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Multiplayer sandbox Staxel builds out NPCs, pet shops, and summer festivals

Staxel took over the playtime of a bunch of my Twitter buddies this past winter when it hit early access on Steam. We described it as a cross between Stardew Valley and Trove, with sandboxy content that’s more focused on farming, fishing, and growing a village than on being a murder hobo. At the time, we noted that it wasn’t full-on MMORPG but that multiplayer at least was happening.

Since then, the game’s seen several updates, as I realized when I caved and bought the game on the Steam sale yesterday. March saw tweaks to the camera and economy; April touched on the mod manager, achievements, crop quality. Most recently, the team posted its plans for the 1.3 update, which further fleshes out the NPCs of the world, adds a pet shop, and integrates festivals into gameplay.

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The Daily Grind: Do you prefer ‘work’ simulation MMOs to more fantastic game worlds?

In the comments of my piece on Raph Koster’s book last week, a commenter brought up the idea that mimicking the real world in MMOs was a “sad” sort of “obsession” – why would we want to work in a video game in our spare time, he was essentially asking, when we could do something fresh and creative with our video game spaces instead?

I took a stab at answering the question, supposing that just because we can theoretically do a job in real life doesn’t mean we are realistically or physically able to do it, and exploration of the unreachable can be fun. A post on the Psychology of Video Games blog answers it even better: Author Jamie Madigan writes that games like Farming Simulator 17 and Euro Truck Simulator do so well precisely because people like to explore those types of jobs in a low-stress, who-cares-if-I-run-my-semi-off-the-virtual-autobahn environment. “These games remove the worst of the uncertainty, helplessness, ambiguity, and consequences for failure that come with those real world jobs and turn them into game systems that are interesting and fun to interact with,” he argues. “They give players clear goals, unambiguous feedback, winnable challenges, and predictable rewards. All things that most jobs sadly don’t consistently provide.”

That certainly explains it: I really hate thinking about money in real life, but I love playing around in MMO economies where my market mistakes simply don’t matter.

How about you? Do you prefer simulation MMOs to more fantastic game worlds? Or something in between? And is there an activity that you love in MMOs but hate in the real world?

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The Daily Grind: What MMO celebration do you never miss?

The first year that any MMORPG that I’m playing launches a new festival or holiday, I’m usually all over it. Sometimes I get too much into it, spending so much time farming rewards or digging through the activities that it sours me for future years.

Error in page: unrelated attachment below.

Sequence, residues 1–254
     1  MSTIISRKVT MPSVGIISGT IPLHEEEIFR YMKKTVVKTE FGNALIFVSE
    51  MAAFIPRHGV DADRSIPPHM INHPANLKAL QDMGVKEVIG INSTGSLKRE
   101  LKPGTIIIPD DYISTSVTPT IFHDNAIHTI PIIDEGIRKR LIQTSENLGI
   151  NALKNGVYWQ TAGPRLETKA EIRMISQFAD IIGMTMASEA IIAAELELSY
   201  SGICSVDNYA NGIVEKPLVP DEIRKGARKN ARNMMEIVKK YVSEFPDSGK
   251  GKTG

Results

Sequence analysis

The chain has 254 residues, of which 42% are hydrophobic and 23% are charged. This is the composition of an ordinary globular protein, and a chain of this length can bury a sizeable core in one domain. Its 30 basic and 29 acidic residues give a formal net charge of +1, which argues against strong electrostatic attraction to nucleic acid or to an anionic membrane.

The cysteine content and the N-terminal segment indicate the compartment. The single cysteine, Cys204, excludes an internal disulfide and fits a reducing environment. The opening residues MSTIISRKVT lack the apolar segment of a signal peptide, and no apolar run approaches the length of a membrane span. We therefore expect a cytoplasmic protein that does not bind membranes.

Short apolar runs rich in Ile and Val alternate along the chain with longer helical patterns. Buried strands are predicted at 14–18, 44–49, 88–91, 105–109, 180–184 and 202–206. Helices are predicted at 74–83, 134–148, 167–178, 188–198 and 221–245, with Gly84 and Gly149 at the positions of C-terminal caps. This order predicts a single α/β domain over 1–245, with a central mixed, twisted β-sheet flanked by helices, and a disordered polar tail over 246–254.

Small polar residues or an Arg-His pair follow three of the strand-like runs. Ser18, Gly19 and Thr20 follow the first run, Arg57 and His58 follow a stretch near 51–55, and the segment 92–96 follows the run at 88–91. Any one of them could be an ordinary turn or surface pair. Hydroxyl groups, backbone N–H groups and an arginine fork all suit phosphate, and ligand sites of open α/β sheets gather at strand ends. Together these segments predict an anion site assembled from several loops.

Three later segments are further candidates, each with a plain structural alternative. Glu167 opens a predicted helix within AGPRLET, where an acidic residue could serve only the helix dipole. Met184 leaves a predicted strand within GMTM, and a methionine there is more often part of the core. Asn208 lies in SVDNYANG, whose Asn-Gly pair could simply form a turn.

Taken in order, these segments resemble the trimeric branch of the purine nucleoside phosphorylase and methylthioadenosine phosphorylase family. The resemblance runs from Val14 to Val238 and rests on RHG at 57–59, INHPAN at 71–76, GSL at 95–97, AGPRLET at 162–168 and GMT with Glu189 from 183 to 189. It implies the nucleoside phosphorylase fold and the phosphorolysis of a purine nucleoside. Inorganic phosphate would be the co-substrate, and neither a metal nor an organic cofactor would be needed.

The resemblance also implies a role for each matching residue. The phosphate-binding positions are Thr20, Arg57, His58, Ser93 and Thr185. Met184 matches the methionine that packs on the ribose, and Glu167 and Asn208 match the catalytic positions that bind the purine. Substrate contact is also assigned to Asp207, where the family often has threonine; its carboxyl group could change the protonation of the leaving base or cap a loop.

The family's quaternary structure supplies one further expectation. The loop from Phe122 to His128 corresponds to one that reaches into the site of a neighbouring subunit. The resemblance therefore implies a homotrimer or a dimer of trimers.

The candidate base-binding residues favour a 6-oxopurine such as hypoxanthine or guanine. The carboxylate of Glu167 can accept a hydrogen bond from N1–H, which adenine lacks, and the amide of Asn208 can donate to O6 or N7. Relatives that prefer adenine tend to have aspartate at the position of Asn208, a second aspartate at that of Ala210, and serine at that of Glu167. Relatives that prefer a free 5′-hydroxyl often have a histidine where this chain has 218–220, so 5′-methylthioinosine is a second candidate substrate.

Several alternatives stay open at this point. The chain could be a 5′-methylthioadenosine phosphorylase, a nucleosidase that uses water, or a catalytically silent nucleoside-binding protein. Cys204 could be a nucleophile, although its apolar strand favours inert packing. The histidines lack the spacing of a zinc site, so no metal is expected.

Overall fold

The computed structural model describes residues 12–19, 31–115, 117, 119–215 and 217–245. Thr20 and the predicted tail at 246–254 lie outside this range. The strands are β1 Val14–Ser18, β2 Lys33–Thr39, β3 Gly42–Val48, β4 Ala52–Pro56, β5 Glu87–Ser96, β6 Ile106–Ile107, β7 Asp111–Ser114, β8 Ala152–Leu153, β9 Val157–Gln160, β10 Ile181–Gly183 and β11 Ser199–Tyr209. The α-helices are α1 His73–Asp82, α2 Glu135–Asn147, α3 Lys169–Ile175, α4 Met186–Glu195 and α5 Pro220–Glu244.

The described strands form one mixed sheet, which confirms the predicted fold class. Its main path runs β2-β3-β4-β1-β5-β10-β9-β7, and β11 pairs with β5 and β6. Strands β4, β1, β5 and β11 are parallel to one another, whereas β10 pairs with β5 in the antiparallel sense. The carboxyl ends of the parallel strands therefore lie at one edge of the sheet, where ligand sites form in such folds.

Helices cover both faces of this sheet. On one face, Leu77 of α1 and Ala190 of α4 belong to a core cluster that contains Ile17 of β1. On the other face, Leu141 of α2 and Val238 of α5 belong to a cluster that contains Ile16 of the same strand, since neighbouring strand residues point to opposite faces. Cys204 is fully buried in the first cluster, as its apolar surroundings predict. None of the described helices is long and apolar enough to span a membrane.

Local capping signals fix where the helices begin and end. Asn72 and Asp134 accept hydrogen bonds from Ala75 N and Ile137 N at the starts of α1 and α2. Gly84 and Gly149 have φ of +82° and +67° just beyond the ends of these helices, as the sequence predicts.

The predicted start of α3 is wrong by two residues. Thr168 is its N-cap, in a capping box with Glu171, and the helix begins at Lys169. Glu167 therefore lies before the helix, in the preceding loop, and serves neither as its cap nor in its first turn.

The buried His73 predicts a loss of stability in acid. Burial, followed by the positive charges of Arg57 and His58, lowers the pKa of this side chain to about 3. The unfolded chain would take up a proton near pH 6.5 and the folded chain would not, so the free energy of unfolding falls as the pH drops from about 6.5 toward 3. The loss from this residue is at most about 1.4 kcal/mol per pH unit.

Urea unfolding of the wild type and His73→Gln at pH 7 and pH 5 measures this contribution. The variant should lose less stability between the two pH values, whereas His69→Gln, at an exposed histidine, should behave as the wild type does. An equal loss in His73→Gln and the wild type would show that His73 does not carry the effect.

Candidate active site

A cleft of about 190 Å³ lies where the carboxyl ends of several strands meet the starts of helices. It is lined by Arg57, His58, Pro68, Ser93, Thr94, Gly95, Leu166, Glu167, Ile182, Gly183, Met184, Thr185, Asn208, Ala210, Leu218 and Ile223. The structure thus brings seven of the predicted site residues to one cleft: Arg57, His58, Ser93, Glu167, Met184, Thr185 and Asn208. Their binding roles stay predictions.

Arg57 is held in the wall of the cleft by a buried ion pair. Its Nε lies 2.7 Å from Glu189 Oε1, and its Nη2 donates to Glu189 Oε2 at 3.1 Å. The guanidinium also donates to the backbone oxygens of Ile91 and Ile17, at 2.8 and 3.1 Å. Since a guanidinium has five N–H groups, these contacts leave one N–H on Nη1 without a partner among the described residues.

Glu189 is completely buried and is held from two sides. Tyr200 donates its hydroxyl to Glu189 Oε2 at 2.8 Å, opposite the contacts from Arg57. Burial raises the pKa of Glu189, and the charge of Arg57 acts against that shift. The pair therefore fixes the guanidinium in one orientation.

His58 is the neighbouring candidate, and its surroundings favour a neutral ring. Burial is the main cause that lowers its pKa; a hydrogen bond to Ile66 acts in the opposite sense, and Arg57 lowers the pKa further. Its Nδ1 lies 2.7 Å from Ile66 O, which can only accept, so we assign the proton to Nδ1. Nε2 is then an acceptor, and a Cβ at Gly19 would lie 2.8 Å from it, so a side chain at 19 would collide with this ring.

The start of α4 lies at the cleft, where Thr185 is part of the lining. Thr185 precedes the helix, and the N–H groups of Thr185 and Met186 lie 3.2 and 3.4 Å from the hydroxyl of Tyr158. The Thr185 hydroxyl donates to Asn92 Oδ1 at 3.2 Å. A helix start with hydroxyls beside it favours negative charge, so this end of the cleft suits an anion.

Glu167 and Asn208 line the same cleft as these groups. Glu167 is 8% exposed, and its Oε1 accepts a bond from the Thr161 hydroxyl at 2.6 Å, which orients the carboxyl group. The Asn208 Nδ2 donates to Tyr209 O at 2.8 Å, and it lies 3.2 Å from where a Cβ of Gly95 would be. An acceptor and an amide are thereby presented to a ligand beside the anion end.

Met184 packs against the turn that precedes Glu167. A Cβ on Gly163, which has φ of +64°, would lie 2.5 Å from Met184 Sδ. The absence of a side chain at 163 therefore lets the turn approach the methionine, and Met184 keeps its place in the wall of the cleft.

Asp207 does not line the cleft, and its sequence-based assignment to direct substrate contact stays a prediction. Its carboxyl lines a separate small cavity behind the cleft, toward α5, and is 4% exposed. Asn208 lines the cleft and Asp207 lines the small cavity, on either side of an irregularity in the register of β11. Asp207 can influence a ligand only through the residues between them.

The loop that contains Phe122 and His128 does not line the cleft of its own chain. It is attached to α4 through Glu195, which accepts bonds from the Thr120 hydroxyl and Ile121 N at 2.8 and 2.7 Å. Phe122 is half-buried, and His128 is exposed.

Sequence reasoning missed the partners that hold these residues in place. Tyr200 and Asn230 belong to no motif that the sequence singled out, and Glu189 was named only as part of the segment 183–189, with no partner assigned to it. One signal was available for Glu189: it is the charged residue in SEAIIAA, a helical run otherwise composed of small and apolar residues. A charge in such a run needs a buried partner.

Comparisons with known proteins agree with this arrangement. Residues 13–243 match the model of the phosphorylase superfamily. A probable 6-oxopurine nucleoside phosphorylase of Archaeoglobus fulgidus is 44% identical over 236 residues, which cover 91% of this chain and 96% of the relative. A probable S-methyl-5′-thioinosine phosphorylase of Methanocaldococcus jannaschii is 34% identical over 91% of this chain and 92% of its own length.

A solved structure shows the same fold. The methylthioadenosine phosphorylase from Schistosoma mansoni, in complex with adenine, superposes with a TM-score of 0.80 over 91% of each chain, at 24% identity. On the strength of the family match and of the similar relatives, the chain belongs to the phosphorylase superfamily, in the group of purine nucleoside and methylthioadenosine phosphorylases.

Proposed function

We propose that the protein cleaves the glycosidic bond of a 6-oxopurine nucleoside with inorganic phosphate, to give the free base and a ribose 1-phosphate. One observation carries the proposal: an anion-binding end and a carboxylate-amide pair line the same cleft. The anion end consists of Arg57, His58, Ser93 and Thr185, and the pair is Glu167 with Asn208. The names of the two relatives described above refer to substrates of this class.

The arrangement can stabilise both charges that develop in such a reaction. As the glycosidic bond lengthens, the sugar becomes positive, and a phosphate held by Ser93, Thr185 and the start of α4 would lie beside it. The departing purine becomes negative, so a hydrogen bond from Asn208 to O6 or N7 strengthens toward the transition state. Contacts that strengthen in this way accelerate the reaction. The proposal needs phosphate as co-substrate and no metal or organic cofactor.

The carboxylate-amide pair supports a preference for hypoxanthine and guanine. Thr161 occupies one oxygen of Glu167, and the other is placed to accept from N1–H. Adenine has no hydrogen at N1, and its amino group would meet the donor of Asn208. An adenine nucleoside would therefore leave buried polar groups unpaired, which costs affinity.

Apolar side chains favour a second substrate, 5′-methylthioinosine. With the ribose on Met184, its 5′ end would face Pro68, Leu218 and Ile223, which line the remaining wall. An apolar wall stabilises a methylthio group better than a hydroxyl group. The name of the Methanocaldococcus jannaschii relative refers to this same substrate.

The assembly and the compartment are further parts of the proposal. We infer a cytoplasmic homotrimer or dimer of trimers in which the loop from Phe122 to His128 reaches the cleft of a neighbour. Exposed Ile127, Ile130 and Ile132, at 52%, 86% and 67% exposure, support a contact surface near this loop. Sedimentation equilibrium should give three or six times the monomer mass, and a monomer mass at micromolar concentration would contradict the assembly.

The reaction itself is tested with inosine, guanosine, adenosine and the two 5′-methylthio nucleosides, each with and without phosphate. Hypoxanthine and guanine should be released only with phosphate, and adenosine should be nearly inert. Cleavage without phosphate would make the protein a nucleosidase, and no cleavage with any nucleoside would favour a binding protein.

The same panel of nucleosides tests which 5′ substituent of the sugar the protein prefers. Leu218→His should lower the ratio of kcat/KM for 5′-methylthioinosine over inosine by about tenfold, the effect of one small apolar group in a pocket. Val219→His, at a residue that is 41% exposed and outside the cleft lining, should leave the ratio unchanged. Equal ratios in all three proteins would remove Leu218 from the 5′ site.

But there are always those celebrations that I make a point to check in and see. The allure of a free Tier 6 starship in Star Trek Online usually brings me out for its summer holiday event, and I am a huge fan of the haunted burrow in Lord of the Rings Online’s fall festival. And it wouldn’t be Christmas if I wasn’t logging into World of Warcraft to see what awaited me under the tree!

What MMO celebrations or holidays do you never miss? Which ones pull you back to the game, if only for a day or two, even if you’ve been away for months?

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The Daily Grind: Do you feel pressure to play MMOs for daily bonuses or experience events?

On Wednesdays, we farm gems.

In Trove, that is. That’s because ever since Trion revamped the daily login system, players get a daily bonus for doing a specific type of gameplay, with an even bigger bonus for subbers. It’s on a fixed weekly rotation, meaning every Monday is the same, every Tuesday, and so on. Wednesday is gems, so everybody in the game is farming gem boxes because they are just that important to character power.

The bonuses are extremely generous, and objectively, I can say it’s a great system. Buuuuuut I find myself being mildly annoyed by the compulsion to go do that one thing, knowing I’d be missing out if I didn’t. Anybody remember old-school Ultima Online and power hour, when your skill gains were accelerated for the first hour you were logged in every day? It’s even worse than that because at least that was over after an hour and people could relax and go back to ganking miners or shuffling bags of regs around their houses. This one basically never ends. It’s a weird sort of pressure to go forth and achieve, constantly. And on Wednesdays, when I feel like working on our guild map instead of farming gems, I spend the whole time feeling guilty, and then feeling foolish for feeling guilty.

First-world problems, sure, but still something I think about. I’m pretty sure the system is a net positive for game retention, but I don’t love the extra pressure. And in a way, I can understand some of the complaints about even shorter-term events, like the one Elite ran two weekends ago. Do you feel pressure to play MMOs for daily bonuses or experience events? And does it work?